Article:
Date of Award

5-31-2018

Document Type

Campus Access Dissertation

Degree Name

Doctor of Philosophy (PhD)

Department

Chemistry/Physical/Analytical Chemistry

First Advisor

Jonathan Rochford

Second Advisor

Michelle Foster

Third Advisor

Niya Sa

Abstract

A novel method for the partial graphitization of activated carbon materials is presented. Activated carbon powders were progressively heat treated under an argon environment up to 2100 0C. The carbon’s surface area and crystallinity were shown to be tunable from the choice of heat treatment temperature. The changes in the carbon’s surface area and average pore diameter were elucidated with the use of a nitrogen sorption technique. An increase in the carbon’s graphitic nature by the association of single graphene layers into elongated, stacked crystallite formations was revealed with powder X-ray diffraction. The effects of the treatments on the solid electrolyte interface layer of a lithium-ion capacitor negative electrode were studied by the use of chronoamperometric and chronopotentiometric formation cycles.

A Design of Experiment statistical method was applied to lithium-ion electrolyte solvent component selection in an attempt to increase the low temperature (-30 0C) discharge performance of a lithium-ion battery. The best performing electrolyte combination showed a low temperature discharge capacity increase of 300% from the current standard electrolyte used in production. The effects of varying the solvent component proportions on the solid electrolyte interface layer solid electrolyte interface (SEI) layer of a lithium-ion battery were investigated by the use of impedance spectroscopy and X-ray photoelectron spectroscopy. The effects of solvent component proportions on cycle life performance were studied with an accelerated aging high temperature cycling method.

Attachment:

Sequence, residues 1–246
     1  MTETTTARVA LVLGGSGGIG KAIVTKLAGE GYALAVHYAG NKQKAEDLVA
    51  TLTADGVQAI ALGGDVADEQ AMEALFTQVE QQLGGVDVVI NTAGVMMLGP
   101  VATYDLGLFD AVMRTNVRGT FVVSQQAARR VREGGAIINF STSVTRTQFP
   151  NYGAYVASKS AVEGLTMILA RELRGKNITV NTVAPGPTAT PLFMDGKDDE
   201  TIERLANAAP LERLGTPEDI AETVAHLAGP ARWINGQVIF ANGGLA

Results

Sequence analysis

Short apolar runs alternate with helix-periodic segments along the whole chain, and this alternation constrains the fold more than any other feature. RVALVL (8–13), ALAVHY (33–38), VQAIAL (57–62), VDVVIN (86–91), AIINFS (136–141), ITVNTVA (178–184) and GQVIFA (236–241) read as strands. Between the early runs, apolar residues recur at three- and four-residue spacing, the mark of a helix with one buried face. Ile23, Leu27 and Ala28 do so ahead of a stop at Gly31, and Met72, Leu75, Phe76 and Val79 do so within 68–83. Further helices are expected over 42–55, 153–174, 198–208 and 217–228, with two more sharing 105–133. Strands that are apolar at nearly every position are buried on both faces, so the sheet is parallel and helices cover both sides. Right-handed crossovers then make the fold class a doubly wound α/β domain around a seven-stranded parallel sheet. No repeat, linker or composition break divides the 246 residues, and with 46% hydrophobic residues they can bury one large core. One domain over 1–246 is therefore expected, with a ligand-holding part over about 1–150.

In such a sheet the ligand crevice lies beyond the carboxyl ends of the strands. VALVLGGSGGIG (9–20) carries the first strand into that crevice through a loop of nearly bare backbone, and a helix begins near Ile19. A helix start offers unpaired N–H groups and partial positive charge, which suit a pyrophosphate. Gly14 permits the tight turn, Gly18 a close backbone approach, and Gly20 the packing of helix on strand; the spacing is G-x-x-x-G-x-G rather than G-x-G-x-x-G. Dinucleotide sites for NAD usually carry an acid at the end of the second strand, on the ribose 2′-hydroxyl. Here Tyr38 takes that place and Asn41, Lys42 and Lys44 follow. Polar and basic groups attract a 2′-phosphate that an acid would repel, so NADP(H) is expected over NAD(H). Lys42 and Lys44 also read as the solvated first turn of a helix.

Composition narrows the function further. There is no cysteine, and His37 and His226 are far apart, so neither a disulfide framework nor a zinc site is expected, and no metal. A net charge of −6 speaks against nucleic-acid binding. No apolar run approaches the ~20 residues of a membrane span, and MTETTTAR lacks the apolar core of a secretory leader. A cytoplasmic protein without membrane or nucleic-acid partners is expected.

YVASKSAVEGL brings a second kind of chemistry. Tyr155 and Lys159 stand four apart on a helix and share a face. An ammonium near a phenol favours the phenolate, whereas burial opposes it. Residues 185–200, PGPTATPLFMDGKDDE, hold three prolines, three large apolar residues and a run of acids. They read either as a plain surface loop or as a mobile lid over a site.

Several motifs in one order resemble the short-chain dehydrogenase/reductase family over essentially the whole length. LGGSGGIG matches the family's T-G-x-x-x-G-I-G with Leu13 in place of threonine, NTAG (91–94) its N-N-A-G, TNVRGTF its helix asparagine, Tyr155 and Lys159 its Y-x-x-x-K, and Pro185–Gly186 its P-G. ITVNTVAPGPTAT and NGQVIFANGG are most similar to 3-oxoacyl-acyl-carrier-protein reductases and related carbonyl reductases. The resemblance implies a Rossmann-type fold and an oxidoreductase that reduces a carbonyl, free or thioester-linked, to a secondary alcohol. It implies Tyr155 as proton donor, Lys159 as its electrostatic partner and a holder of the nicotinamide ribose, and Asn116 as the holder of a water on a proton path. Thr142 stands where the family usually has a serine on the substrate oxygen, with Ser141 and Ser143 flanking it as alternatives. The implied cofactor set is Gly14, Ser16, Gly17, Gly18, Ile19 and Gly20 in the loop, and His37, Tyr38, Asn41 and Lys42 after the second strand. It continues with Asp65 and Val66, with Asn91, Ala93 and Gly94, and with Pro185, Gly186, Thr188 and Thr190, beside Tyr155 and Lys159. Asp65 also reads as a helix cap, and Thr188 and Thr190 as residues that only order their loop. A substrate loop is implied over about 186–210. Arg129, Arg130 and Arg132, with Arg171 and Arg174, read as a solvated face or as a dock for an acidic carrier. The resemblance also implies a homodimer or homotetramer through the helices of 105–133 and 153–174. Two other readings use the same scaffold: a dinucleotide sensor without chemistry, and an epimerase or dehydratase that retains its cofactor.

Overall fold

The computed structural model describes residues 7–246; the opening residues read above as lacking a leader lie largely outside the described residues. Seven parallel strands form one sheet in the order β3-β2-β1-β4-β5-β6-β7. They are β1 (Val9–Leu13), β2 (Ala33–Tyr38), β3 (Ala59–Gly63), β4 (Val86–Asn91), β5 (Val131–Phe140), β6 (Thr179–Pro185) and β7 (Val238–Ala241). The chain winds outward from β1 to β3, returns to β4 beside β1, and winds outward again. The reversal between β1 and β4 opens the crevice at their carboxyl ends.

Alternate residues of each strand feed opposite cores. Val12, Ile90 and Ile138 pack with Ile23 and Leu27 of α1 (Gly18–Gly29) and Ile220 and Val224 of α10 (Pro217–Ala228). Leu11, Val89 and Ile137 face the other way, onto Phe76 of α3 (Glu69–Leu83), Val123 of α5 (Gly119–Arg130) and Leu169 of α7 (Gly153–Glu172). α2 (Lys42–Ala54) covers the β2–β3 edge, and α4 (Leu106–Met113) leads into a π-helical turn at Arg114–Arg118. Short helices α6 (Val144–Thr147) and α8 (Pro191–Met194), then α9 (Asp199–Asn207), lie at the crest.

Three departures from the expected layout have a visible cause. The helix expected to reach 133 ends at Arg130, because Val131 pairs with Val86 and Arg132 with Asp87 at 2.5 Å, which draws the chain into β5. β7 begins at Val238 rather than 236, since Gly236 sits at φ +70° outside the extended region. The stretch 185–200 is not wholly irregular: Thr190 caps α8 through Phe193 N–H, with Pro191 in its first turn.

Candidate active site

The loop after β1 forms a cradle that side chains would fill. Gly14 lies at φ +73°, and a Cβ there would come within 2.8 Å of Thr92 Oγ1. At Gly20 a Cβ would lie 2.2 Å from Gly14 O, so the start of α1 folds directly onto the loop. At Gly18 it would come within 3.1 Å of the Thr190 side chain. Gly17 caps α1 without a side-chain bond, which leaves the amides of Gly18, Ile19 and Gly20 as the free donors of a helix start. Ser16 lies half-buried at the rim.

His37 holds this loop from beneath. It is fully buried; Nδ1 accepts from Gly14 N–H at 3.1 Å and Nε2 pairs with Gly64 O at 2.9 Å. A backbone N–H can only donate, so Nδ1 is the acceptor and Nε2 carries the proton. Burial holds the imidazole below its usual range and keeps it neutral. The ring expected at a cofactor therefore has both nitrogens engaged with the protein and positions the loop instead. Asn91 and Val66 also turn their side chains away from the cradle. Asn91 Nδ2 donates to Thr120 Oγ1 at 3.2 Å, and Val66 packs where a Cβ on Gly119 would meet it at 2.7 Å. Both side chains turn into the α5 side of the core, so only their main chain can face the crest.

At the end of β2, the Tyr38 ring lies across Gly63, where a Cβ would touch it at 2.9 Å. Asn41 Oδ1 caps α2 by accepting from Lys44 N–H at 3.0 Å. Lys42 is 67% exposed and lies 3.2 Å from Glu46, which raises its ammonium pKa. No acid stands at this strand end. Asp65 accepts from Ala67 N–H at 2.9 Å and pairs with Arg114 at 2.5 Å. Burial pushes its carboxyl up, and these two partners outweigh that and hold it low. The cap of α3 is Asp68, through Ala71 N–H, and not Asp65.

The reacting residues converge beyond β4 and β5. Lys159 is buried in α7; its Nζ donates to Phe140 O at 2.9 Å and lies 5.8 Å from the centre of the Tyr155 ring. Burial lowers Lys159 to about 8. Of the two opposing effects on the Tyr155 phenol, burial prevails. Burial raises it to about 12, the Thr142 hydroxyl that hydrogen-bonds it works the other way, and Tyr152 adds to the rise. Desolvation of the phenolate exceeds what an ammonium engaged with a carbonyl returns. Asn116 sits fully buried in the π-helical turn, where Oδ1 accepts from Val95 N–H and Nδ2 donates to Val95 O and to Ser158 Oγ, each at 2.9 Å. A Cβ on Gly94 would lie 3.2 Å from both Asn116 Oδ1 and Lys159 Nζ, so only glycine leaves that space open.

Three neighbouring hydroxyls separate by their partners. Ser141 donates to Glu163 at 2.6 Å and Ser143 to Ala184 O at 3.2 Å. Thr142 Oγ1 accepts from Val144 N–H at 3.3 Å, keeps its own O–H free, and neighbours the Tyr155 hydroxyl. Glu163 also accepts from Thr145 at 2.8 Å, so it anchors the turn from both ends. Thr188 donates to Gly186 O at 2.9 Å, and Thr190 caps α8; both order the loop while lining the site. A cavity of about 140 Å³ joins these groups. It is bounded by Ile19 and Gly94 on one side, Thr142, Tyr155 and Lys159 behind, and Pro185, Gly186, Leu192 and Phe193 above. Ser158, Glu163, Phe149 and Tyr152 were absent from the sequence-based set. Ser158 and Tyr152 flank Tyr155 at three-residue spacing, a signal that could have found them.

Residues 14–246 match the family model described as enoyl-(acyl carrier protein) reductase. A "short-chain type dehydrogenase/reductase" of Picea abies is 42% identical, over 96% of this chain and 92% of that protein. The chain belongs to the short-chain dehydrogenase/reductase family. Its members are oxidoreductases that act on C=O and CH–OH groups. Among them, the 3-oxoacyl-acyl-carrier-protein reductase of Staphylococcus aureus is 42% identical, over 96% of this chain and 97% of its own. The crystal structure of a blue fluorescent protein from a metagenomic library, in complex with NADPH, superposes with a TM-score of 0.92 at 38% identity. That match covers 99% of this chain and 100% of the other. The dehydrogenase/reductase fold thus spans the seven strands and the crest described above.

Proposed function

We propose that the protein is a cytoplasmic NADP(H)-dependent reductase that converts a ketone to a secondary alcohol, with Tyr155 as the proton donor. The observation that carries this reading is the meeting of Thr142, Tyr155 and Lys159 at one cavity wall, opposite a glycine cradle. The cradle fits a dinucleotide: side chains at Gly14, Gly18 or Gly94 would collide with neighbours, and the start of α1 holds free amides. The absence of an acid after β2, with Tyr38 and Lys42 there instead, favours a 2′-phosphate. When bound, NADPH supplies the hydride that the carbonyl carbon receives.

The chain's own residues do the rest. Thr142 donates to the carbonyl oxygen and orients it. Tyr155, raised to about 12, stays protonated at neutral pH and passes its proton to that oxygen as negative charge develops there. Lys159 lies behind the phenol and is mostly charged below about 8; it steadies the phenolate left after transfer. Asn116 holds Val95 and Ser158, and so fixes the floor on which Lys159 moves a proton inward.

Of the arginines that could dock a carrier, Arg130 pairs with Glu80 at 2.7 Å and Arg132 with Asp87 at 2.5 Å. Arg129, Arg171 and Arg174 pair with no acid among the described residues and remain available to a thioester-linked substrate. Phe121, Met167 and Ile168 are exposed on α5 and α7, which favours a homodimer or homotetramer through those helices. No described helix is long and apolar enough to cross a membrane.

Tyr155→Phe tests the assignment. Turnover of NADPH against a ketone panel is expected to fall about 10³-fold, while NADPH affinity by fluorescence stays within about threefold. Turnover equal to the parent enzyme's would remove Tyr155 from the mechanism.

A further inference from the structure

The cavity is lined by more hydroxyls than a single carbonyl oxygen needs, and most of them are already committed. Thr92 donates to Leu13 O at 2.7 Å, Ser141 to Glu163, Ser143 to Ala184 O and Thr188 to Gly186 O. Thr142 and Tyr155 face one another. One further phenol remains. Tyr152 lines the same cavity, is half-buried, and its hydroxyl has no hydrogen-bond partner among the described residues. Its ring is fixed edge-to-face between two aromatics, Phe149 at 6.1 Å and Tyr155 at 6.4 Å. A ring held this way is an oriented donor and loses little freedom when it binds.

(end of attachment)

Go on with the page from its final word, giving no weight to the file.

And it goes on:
The properties of 20 absorbent glass mat (AGM) separators from 4 different manufacturers were investigated by use of numerous porometric measurement techniques (mercury intrusion, capillary flow, liquid extrusion, and dynamic wetting). Interconnected pore networks were discovered and shown to determine the separator’s wetting properties. Separator surface profile, binder content, and particle size distribution were characterized with a scanning electron microscope. The effects of compression on AGM single cell formation gas generation were studied with the use of a novel AGM battery test box and gas measurement device developed at UW-Milwaukee under Dr. Deyang Qu. AGM formation gas generation was shown to be highly dependent on the separator’s compressed thickness. A pattern of incomplete formation voltage profiles was identified and allows for the early detection of incomplete battery formation during manufacturing.

Comments

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Available for download on Sunday, May 31, 2020

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